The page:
COVID-19 : clients have had more success at getting Business Interruption Claims settled than those insured with other insurers

The outcome for IOS Members’ Insurance Policy holders

Royal and Sun Alliance, having considered the judgement of the Supreme Court, has confirmed that under the IOS Members’ Insurance Policy it will not cover loss of earnings if there was not an occurrence of Covid-19 itself at the Premises prior to its closure or the imposition of Government restrictions and the matter can be taken no further.

In principle, Royal and Sun Alliance has said that it will only be able to consider any claims under the IOS Member’s Insurance Policy for BI loss, up to the limit of indemnity, if in the first instance it can be demonstrated that there was an occurrence of Covid-19 at the Premises prior to its closure or the imposition of Government restrictions.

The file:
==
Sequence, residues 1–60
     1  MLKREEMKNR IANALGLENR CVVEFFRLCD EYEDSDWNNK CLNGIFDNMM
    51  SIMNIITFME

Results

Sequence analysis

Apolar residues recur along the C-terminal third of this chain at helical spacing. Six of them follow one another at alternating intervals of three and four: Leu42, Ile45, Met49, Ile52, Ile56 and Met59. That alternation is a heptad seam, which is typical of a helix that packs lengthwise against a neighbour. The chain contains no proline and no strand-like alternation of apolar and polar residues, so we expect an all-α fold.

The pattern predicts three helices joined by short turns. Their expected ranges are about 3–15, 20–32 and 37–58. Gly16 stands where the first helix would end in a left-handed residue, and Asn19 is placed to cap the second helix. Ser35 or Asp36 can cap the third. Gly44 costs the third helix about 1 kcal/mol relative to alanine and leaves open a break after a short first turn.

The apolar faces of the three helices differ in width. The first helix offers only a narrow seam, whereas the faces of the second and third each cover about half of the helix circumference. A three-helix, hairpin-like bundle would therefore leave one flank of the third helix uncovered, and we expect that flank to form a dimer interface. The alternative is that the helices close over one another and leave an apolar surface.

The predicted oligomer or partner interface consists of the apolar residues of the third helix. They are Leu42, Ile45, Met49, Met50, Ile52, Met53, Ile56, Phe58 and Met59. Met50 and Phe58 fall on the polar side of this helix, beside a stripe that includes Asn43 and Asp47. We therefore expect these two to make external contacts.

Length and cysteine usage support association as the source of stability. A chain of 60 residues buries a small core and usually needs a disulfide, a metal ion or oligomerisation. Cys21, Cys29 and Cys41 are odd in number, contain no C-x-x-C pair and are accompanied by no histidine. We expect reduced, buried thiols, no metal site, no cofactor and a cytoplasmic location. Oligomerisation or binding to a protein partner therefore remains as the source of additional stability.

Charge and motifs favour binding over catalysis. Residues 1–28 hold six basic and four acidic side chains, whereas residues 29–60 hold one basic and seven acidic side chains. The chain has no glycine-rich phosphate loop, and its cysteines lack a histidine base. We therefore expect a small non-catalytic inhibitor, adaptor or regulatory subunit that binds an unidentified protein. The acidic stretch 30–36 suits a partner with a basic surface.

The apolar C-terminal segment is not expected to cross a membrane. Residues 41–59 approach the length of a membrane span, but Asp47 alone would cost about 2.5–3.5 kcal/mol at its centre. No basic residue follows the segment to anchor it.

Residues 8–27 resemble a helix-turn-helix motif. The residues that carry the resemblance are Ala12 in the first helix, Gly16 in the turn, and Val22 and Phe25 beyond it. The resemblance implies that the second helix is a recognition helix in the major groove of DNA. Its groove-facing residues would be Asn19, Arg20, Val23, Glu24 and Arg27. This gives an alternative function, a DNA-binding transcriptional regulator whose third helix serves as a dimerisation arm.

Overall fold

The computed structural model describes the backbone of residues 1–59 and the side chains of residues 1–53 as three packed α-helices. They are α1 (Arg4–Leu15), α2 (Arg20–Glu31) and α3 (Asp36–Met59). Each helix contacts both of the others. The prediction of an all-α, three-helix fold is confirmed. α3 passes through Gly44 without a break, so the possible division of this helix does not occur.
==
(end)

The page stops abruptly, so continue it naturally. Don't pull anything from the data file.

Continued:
The outcome for Swimsure Policy Holders

Puddle Ducks Franchising, on behalf of its franchisees, made the decision to seek legal advice (using Knights PLC) in relation to the business interruption insurance cover provided by Swimsure.

For those franchisees that had the standard business interruption insurance, they had a standard extension which gives a “denial of access” clause to property. In our case, as most insurance policies do, the “denial of access” reasons were for “Outbreaks” of “Specified Diseases” at the “Property”. The capital letters are very important as they are clearly defined in the policy. Those policies where the supreme courts ruling were made on, were vague clauses where “outbreak” and “disease” were not specified. The wording of ours (and indeed) most policies would mean that we would have to have an outbreak of a disease at the property (almost impossible to prove with Covid) AND be a disease specified in the policy (Covid wasn’t). So, like the vast majority of the other policies that solicitors have reviewed in the last few weeks we are NOT covered.

In contrast most (valid) claims have now been settled with some at the policy maximum of £100,000.